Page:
Ever since the election, the so-called ‘Trump rally’ has been chugging ahead at full steam, with the Dow Jones Index reaching a peak of 21,116 on March 1 2017.
Since then however, it has been steadily falling and on 24 March it closed at 20,597, which is over 500 points lower than its peak. I think we can safely say that the stock market rally is officially over.
And the end of this rally could not have come at worst time, with the Fed having recently raised its interest rates again, and signaling further rate increases to come. The higher rates will increase the cost of adjustable rate mortgages, auto loans, credit cards, and home equity lines at a time when GDP growth rates are falling below expectations. This means that at a time when credit is more important to the economy than ever before, credit just got more expensive.
As if that wasn’t enough, with the recent death of the much hyped Obamacare replacement, the so-called ‘Trumpcare’ or ‘Obamacare Lite’, things are looking even bleaker for the stock market. Right before the death of the bill, one congressman even warned that if the bill goes down, the market could take a 1,000 point hit, similar to the ‘No’ vote on the Wall Street bailout in 2008 which caused the Dow to tumble by over 700 points.
One market analyst, Sven Henrich, known as the ‘Northman Trader’, did a very long term analysis of the S&P500 in combination with the CBOE Volatility Index (VIX). He believes that in the near term, the market could drop by as much as 5 to 10 percent. For reference, that’s a 1,000 to 2,000 point drop in the Dow. For those interested, he references how we are at a point where a trendline connects the markets 1987 slide, its 2003 lows, and the point right before the crash in 2009.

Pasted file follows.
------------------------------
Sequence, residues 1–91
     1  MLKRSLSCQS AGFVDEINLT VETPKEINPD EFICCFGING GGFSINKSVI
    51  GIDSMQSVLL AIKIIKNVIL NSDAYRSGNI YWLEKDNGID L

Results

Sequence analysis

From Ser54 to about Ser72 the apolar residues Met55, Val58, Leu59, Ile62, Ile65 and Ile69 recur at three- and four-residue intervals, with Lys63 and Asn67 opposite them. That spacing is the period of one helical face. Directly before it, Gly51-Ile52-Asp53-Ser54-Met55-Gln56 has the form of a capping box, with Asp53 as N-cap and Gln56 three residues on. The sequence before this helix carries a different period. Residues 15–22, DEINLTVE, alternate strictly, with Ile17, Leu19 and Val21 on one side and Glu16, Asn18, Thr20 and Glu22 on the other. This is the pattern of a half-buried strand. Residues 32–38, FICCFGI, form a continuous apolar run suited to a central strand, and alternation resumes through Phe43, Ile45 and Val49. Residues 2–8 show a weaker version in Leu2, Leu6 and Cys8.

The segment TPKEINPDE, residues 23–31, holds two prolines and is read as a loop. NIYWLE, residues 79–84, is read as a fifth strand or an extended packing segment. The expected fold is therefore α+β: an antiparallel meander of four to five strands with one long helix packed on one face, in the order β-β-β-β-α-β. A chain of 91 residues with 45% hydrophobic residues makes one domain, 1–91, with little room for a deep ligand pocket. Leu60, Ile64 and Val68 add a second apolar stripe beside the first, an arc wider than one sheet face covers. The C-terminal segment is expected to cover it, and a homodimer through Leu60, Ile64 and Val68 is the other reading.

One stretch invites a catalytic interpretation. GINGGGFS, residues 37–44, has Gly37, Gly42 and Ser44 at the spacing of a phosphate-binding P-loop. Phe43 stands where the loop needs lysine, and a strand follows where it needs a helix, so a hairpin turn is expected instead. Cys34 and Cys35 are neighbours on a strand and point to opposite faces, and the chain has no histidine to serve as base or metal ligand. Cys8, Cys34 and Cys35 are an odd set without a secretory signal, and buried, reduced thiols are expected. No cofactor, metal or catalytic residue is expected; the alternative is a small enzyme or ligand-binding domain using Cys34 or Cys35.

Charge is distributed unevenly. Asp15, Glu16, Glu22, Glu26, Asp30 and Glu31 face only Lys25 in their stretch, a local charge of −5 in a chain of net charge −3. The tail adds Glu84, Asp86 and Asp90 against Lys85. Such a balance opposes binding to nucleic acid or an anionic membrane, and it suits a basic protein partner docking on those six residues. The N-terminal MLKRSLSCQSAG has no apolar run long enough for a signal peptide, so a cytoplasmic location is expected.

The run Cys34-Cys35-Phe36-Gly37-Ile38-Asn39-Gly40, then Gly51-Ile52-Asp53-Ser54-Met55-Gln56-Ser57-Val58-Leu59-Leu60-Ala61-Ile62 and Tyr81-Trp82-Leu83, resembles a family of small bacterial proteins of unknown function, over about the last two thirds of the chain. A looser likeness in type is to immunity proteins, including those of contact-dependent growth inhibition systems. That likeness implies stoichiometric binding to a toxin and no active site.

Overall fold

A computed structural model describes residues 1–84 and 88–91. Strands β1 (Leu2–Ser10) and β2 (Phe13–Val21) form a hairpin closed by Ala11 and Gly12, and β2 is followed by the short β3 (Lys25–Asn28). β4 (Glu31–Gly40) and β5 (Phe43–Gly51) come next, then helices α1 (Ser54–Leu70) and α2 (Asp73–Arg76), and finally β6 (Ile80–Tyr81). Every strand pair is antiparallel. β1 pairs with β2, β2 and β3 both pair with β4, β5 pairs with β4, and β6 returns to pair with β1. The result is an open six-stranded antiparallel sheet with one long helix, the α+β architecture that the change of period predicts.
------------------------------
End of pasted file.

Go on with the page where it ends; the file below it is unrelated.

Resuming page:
The VIX is also in another bottom, and it looks like it’s about time for it to spike up again.
Of course, this downturn was inevitable, as the stock market was largely inflated by financial engineering, which includes things such as share buybacks. Share buybacks mean that companies use funds to buy back their own shares instead of productive activities. This reduces the number of shares outstanding and results in higher Earnings per Share. But if we look at total net income we find that S&P500 earnings are roughly the same as they were back at the end of 2011!
Despite the stagnating net income, their Price-to-Sales ratio is significantly higher compared to 2011; more than 50% higher, in fact.
As we said, the stock market run had to end eventually; the only question is how much further will it continue to fall? And if not stocks, where can investors put their money? Even US government bonds, widely considered to be the ultimate ‘safe haven’ asset, have taken a beating recently; something that hasn’t really been reported in the news. Take a look at the 10-year and 2-year Treasury yields graph plus the 30-year Treasury Bond Price Index, which is down a staggering 14%.
And with the Federal Reserve planning to raise interest rates even further, it seems probable that bond prices will only fall further.
So in the current economic climate, with both bonds and stocks falling, what is the right move for an intelligent investor? Well, we can tell you that other intelligent investors are diversifying their portfolios into true safe haven assets, namely precious metals such as gold and silver. Remember, stocks and bonds can go to zero, but gold never will.
One of the easiest ways to get started protecting your future is with a precious metals IRA.
To learn more about the benefits of investing in gold & silver IRAs and other precious metals, see our comprehensive gold ira guide And when you're ready to select a trusted advisor, see our list of top gold ira companies and get in touch with experts in the precious metals industry.